7 Things Financial Experts Wish They’d Known When They Were Young

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7 Things Financial Experts Wish They’d Known When They Were Young


Having financial security is important. But a lot of times, that security comes with age, practice, and patience. So young people, listen up. These are the seven things financial gurus wish someone had taught them when they were younger:

  1. Skills are worth more than a job.

“Optimize for learning, not earning. It often comes down to prioritizing skill acquisition over immediate post-college earning. The only true job security is a superior skill set,” says Tim Ferris, angel investor and best-selling author of The 4-Hour Workweek.[1]

With strong skills and knowledge, you’ll be far more likely to weather a questionable economy and potential hits the job market takes.

  1. Chase something you love instead of money.

“I wish I knew that the best advice for any person is to follow their passion as opposed to chasing money. I’ve seen time and time again that people who foster their true passions and true callings are the ones that end up the most successful,” advises Blake Mycoskie, founder of TOMS.[1]

Chasing something you’re passionate about and inspired by will keep you happier and more satisfied holding particular jobs. It’s what makes you glad to go to work in the morning and put in all those long hours and hard work.

  1. Have a plan for your money.

“Not having a financial plan is a plan—just a really bad one,” says Alexa von Tobel, founder and CEO of LearnVest and the author of Financially Fearless.[1]

Plan early for your money. Know the kind of life you want so you can figure out how your money will help get you there. If you need specific steps for planning, check out this helpful post.

  1. Be wary of credit cards.

“Credit cards are the worst investment that you can make. The money I save on interest by not having debt is better than any return I could possibly get by investing that money in the stock market,” claims Mark Cuban, billionaire entrepreneur and investor.[1]

While a lot of young people think they need to build credit, cards are risky, with first time users getting into debt way over their head.

“Building up a bad credit history will hurt you more than having no credit history. You don’t need to feel pressured to get a credit card,” says Zac Bissonnette, author of Debt-Free U.[2]

  1. Limit student loans as much as possible.

“Do not take out more in student loans than what you are projected to earn in your first year after college,” advises Suze Orman, author of The Money Book for the Young, Fabulous and Broke. “Remember, going to an expensive school doesn’t guarantee success. The school never makes you, you make the school.”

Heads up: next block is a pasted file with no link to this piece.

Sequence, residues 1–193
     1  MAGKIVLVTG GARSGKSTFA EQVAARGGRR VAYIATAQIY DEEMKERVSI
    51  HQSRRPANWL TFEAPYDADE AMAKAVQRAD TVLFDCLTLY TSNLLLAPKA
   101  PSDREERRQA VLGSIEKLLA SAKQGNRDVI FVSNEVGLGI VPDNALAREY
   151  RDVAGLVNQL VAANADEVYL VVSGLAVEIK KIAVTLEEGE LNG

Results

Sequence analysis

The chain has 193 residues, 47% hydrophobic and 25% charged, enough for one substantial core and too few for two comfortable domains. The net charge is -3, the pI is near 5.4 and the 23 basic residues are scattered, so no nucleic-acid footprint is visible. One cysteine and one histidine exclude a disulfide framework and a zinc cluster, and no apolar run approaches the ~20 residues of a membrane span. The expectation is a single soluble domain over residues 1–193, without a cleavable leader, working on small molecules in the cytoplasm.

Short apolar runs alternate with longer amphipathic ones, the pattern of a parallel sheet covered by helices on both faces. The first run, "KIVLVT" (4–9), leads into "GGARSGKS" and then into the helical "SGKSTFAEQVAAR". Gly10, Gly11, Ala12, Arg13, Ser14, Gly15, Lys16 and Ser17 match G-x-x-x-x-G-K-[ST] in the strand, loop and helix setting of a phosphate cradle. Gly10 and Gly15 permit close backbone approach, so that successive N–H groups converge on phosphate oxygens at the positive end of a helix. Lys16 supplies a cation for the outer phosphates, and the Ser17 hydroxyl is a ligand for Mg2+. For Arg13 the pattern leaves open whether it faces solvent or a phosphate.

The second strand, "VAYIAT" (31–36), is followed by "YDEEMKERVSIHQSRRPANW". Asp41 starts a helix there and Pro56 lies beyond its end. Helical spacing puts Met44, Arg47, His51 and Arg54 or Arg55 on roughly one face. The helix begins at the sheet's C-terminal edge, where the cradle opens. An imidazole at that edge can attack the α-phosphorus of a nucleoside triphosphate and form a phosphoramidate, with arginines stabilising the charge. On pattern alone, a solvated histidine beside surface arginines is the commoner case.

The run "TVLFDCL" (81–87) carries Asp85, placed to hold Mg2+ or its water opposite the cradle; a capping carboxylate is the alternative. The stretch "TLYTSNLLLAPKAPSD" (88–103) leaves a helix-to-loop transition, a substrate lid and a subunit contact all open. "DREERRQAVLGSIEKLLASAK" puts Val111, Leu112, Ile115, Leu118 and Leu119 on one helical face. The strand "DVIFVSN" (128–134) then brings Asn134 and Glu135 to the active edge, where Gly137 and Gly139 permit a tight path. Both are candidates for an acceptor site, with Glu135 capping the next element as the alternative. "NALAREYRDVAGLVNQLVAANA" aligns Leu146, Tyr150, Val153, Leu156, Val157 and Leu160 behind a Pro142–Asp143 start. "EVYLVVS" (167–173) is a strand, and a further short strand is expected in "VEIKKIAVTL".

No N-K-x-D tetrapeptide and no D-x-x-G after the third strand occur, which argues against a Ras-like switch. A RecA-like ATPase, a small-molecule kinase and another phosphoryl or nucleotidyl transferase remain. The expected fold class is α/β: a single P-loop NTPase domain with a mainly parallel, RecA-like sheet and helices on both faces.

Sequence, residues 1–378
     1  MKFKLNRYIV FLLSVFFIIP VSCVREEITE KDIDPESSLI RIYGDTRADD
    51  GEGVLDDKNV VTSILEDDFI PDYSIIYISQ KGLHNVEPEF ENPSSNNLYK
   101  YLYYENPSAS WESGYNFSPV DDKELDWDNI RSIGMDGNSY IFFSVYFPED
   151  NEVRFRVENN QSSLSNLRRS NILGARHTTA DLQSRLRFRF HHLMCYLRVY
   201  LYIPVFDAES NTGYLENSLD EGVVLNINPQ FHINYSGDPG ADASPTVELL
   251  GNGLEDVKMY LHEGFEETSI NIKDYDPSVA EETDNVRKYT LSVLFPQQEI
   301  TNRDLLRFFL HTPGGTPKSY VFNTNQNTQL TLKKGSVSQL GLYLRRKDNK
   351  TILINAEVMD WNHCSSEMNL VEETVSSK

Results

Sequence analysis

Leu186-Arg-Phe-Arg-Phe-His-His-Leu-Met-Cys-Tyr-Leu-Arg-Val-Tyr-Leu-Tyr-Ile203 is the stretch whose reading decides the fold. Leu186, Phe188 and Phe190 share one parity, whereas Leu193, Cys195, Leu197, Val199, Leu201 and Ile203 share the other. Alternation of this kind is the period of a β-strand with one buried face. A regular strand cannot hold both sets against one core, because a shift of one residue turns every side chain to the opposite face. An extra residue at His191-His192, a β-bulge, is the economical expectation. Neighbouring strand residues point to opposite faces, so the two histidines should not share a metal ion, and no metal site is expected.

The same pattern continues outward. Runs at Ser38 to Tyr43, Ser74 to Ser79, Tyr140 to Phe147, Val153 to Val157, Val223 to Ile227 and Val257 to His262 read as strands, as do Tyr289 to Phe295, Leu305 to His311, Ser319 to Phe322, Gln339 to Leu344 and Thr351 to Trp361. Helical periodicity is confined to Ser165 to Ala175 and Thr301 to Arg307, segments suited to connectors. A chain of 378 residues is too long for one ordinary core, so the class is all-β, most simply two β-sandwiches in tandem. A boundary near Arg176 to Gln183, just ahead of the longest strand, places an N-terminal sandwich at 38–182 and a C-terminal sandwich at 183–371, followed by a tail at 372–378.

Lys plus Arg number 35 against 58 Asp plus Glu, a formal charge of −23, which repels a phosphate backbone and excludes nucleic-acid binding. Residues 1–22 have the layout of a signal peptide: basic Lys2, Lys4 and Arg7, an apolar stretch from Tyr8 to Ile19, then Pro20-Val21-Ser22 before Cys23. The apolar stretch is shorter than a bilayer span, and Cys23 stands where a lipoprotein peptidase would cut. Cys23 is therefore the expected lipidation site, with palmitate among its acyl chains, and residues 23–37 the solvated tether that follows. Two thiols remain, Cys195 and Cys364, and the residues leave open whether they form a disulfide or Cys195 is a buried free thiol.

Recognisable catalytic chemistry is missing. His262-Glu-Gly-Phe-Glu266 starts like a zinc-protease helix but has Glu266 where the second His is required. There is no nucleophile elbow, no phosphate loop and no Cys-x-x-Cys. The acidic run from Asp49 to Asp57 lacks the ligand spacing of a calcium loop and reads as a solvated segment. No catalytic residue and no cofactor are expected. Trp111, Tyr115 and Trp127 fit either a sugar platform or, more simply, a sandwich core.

Many young people are on their own when it comes to financing their secondary education. It’s important to not get too focused on glitzy and famous schools because they can come with a huge price tag. More financially reasonable education options can also provide top-notch degrees.

  1. Finish school as quickly as you can.

“Many kids are finishing school in five or six years. But every extra year is potentially an extra $30,000 to $40,000 in expenses,” says Farnoosh Torabi, author of You’re So Money. “Map out your coursework and figure out exactly what you’ll need to do each semester. Be vigilant about sticking to your plan.”

Young people can start focusing on their college goals in high school. By mapping out their desired degree and the required classes it will take to get them there, they’re able to spend the minimum time in school and save the maximum amount in tuition and other related fees.

  1. Take a finance class.

“This way, when you graduate, you’ll be better equipped to manage money for the rest of your life,” says Brittney Castro, CEO of Financially Wise Women.

Many young people have to take a basic economic or finance class in high school or college. Take advantage of this time to really familiarize yourself with the inter-workings of strong personal finances so you’ll be set up for a solid financial future.

Take advice from people who’ve been there. Right now is always the best time to get your finances in order and map out how you plan on using it for the rest of your life.


[1] Kane, L. (2014). What 9 successful people wish they’d known about money in their 20s. Accessed October 8, 2015. Retrieved from http://www.businessinsider.com/what-ceos-wish-they-knew-about-money-2014-9

[2] Re3nzulli, K.A. (2014). 12 things we wish we’d known when we were 18. Retrieved from http://time.com/money/3148225/college-financial-money-advice-class-of-2018-freshmen-suze-orman/

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